It really doesn’t matter how often you communicate with the project team, don’t forgo the weekly status report. I can, and do often think of several reasons why I “can’t” get to it, but having that status report has several key benefits.
- Aligns everyone to progress and issues – Many times progress and issues can get lost in the smaller, tactical project team. However, a software implementation can be quite a big investment and therefore impacts people outside the immediate project team. The weekly status report provides that source for where we are now, and where we are going.
- Ensures broader audience keeps your project in mind – While lots of people may need or want to keep the pulse on your software implementation project, other priorities can get in the way. By distributing your weekly status report you are managing multiple layers of stakeholders, and ensuring that your project isn’t forgotten.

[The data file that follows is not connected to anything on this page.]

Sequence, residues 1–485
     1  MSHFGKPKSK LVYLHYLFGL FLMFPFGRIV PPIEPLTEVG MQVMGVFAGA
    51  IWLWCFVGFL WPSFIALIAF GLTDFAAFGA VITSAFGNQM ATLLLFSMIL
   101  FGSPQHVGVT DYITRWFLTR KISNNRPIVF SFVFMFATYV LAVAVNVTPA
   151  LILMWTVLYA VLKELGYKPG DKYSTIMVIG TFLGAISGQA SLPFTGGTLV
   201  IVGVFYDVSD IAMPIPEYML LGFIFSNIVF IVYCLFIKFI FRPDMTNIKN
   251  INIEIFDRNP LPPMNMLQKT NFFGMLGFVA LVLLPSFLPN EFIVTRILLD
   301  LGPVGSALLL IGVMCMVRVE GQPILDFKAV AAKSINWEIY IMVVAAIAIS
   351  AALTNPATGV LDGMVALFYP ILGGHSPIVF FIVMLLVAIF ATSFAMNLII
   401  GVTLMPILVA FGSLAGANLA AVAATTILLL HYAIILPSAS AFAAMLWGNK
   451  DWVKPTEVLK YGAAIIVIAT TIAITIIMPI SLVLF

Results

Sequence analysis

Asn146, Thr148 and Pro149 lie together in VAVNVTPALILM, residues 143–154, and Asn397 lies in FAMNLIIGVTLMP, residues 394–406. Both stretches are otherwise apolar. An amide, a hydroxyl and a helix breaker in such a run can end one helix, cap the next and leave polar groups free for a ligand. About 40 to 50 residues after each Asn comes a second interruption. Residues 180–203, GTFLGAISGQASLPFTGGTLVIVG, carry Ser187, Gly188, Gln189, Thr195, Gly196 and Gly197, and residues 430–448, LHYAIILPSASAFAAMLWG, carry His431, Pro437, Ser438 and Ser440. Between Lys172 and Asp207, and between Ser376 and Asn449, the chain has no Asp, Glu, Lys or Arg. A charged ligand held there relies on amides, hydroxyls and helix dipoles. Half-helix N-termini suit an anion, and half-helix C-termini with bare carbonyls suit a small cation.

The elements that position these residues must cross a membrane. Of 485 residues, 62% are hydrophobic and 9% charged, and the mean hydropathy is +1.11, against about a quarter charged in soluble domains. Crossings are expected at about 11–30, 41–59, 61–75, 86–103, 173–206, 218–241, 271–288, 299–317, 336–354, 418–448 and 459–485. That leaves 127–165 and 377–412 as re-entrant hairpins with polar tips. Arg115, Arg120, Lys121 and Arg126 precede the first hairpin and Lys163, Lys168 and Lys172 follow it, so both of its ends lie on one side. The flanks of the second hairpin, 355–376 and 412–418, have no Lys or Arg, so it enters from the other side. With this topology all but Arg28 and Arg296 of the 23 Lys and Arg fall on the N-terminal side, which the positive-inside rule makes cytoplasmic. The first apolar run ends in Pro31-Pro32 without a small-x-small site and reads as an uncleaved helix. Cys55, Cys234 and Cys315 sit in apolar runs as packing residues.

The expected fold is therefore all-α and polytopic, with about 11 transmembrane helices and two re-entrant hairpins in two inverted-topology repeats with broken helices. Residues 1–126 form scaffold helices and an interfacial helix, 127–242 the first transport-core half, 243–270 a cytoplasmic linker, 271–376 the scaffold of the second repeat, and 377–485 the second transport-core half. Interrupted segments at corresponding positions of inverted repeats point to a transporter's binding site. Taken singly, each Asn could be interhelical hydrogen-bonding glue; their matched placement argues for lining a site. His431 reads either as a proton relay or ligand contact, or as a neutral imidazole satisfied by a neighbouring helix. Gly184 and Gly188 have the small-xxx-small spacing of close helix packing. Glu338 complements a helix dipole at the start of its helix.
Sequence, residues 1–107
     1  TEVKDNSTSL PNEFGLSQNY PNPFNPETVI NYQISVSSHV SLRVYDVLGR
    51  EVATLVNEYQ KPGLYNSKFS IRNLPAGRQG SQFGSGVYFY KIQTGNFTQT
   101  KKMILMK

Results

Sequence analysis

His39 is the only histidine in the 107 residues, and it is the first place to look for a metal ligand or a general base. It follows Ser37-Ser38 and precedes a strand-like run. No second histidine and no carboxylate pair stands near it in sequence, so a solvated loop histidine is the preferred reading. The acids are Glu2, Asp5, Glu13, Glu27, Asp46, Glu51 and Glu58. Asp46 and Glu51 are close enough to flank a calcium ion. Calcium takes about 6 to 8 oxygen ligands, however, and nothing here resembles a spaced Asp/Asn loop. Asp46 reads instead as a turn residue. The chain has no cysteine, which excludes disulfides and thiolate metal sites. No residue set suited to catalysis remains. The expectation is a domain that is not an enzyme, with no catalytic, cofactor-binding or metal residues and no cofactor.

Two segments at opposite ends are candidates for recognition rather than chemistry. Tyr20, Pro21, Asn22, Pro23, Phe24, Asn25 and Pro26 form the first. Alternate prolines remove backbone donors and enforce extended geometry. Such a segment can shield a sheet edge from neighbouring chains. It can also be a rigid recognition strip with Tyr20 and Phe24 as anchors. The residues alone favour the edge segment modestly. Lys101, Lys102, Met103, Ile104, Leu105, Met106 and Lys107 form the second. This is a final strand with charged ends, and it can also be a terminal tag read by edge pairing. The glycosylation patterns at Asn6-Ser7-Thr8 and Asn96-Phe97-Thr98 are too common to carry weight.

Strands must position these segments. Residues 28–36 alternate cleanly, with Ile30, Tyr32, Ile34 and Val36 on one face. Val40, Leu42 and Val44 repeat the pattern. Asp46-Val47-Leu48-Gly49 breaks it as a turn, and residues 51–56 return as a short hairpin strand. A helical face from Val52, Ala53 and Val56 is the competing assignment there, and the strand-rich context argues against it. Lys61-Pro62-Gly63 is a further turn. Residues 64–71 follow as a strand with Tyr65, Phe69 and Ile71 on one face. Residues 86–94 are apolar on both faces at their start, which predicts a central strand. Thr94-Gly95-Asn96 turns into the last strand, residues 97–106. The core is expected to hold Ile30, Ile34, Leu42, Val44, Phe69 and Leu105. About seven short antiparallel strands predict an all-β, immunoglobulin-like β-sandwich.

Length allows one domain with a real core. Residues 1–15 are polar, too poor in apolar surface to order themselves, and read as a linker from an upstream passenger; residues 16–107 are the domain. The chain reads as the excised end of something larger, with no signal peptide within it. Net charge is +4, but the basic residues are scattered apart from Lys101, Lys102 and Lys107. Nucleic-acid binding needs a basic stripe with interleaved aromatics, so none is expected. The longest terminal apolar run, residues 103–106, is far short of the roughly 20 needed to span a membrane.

- Credibility – building on the theme of the last blog post, status reports build credibility. If done in a way that gives an honest account of where the project is, regardless of whether it is going well or where there are opportunities for improvement, you are building credibility to you as a project manager and your organization (vendor, department, etc) as a partner.
I generally am on the side of streamlining process, and reducing administrative nonsense. In the case of status reports, they really are a critical tool in keeping everyone in the loop about where you are. If the stakeholders are new to you as a project manager, you may need to redirect people to your status reports, but generally, people jump on the bandwagon and like the more formal approach.